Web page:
For one, the versions of the engine used in the current-generation and next-generation releases are very different. Therefore, the developers had to make sure that the game would work on both versions, without much compromise. Secondly, the simultaneous release of the title on multiple platforms was problematic, because while it’d be fine with the PC version, the console iterations were more challenging to solidify the quality of. (While each PC system is “unique” in its own way, a console is not.)

Tales of Arise 1

From Battle Conceptualization to Actualization

Early on in development, Arise’s battle system was nothing like how it is in its final state. Since the battle system was intended to create a new generation of “Tales of” as a series, evolution was crucial.

“I wanted the system to be easily understood, simple to operate, and exhilarating to play.” Kagawa stated. The reason for this was that the developers felt that the systems in the “Tales of” series had become increasingly complex, so they wanted to make it intuitive and straightforward to understand.

For example, making the enemy’s weak points easier to see was one such choice for the aforementioned design philosophy. They also wanted to make it simpler to target those weak points amidst the action. The team focused on how to efficiently execute each technique. By identifying the enemies’ actions, it becomes elementary for allies to strike them down.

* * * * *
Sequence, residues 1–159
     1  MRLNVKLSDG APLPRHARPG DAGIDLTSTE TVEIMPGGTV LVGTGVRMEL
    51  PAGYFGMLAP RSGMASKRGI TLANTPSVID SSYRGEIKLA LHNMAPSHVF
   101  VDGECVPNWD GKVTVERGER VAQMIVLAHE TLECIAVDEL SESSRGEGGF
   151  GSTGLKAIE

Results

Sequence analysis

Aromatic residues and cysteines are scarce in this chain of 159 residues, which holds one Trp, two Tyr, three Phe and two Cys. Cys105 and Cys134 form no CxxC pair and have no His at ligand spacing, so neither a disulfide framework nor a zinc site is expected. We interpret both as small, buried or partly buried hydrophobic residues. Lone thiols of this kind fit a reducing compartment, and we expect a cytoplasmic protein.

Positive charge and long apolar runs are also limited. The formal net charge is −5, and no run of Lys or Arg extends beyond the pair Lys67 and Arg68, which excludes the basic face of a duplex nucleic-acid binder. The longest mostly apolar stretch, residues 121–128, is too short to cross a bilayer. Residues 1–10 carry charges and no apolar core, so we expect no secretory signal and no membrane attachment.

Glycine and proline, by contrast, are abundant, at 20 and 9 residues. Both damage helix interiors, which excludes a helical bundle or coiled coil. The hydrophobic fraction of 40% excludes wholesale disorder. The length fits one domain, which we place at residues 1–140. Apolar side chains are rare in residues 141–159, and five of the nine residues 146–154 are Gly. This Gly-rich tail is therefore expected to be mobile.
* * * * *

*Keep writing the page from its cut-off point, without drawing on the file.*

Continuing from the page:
Another goal was to make the enemies feel more threatening than ever before. So, from the planning stages, it was already decided to make the bosses’ sizes large. This was done so that the player would feel intimidated and perceive these foes as legitimate threats, as if they were suddenly thrust into a final battle of sorts.

“However, to be honest, the fact that it took several months to complete a single boss was not something we anticipated. That said, we were able to create bosses that were challenging, and I hope that players were able to feel their threatening natures,” Kagawa stated.

At one point, the developers wanted to add more “destructive elements,” such as the ground being gouged by attacks, like in a shonen manga, but unfortunately the idea was not feasible due to time and technical limitations.

Regarding each party member, the team wanted to make sure each one had a clear-cut role. The most evident example of this is Kisara, who is literally the shield of the party, because she, well, is holding an enormous shield. The other characters’ traits were designed to similar extents. 

Finally, the most important part: the game balance, which was decided through discussions among all the staff members while playing. The battles in this title have a jittery balance, and they became an appealing aspect that was born from the combined opinions of all the staff members.

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Tales of Arise has launched worldwide on PlayStation 5, PlayStation 4, Xbox Series X, Xbox One, and PC.

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Orpheus Joshua

Random gamer equally confused by the mainstream and the unusual.